I once came across a very talented blogger that had started generating significant income in just a few short months, all while juggling a full-time job and 2 young children. Her success made me feel inadequate, since I had quit my job to stay home with my children a year ago, and hadn’t made much writing income yet.

I felt a strong need to prove myself immediately, and that same night I rushed out to the coffee shop with my laptop to feverishly work on my writing. Instead of being relaxed and productive, I had anxiety and writer’s block. I realized it was because I was forcing myself to write because I felt bad about myself, not because I was genuinely inspired. Keep your ego in check, and move at the pace that works best for you.

 

3. Engage with the people you envy

No matter where you’re at in your journey, you need other people who can show you the way. While rising to their enviable level of success, they’ve inevitably persevered through countless failures—all of which you can learn from. Acknowledge that they deserve their success, then ask yourself, what can I learn from them? Soak in all what they have to offer, and then take it a step further and reach out to them.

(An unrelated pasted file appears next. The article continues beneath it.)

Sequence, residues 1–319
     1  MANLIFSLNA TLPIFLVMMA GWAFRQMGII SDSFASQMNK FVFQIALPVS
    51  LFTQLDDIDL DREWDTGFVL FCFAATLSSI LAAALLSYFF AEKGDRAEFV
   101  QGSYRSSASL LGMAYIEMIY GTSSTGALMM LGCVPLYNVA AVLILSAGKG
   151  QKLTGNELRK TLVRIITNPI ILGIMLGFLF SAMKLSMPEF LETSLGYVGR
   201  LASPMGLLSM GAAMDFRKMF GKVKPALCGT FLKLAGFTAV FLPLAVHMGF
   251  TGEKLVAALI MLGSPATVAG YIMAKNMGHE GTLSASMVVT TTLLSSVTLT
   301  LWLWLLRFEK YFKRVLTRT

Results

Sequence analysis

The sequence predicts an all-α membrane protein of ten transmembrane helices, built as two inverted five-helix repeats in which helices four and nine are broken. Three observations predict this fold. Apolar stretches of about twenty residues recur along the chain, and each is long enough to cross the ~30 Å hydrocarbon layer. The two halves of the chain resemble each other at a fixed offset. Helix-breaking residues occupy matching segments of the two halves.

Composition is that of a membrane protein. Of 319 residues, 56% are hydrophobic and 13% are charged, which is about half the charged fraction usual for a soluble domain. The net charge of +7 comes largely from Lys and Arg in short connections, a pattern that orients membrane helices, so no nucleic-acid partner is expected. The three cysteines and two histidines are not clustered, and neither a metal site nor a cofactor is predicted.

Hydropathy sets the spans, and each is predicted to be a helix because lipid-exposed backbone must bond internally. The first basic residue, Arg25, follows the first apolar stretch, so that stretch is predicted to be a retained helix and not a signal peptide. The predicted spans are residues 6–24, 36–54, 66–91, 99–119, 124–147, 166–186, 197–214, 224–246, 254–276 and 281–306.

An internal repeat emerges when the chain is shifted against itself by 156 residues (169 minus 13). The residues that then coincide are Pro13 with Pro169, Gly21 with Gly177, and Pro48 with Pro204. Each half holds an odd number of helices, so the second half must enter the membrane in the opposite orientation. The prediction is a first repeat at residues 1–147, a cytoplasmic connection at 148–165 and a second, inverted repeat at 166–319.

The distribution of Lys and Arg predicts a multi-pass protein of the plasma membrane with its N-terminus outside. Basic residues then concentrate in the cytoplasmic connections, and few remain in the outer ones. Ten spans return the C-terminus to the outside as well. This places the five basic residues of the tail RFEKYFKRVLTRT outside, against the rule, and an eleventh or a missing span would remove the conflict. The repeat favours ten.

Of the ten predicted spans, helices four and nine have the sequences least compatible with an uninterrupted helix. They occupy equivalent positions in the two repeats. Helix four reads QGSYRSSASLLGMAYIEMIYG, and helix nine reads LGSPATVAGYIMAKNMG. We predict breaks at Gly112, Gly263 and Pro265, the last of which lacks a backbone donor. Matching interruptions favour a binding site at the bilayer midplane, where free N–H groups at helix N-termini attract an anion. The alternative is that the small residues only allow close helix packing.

When I come across a blogger I admire, I shoot them a quick email thanking them for inspiring me and then asking a couple short, thoughtful questions about how they got to where they are. They are usually thrilled to receive the compliment, and more than happy to share a little wisdom.

Emulating and learning from successful people will help you tremendously in your own journey, but don’t get caught up in comparing yourself to them. Everyone has different skills and life experiences, and your path will never match perfectly with someone else’s.

“Envy blinds men and makes it impossible for them to think clearly.” – Malcolm X 

Maybe what you dream of doing has been done before, but not with your personal style and unique perspective. There is plenty of room for you in the game, so allow yourself to let go of jealousy and be inspired by others. After all, there was a point in their lives when they were exactly where you are.

When are you going to let go of envy? Please leave your thoughts in the comment section below! 

Ivy Shelden is a freelance writer and the founder of The World Is Yours, a blog dedicated to helping people get in touch with free will and the power to create their own lives.

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5 Indicators of Unresolved Attachment Trauma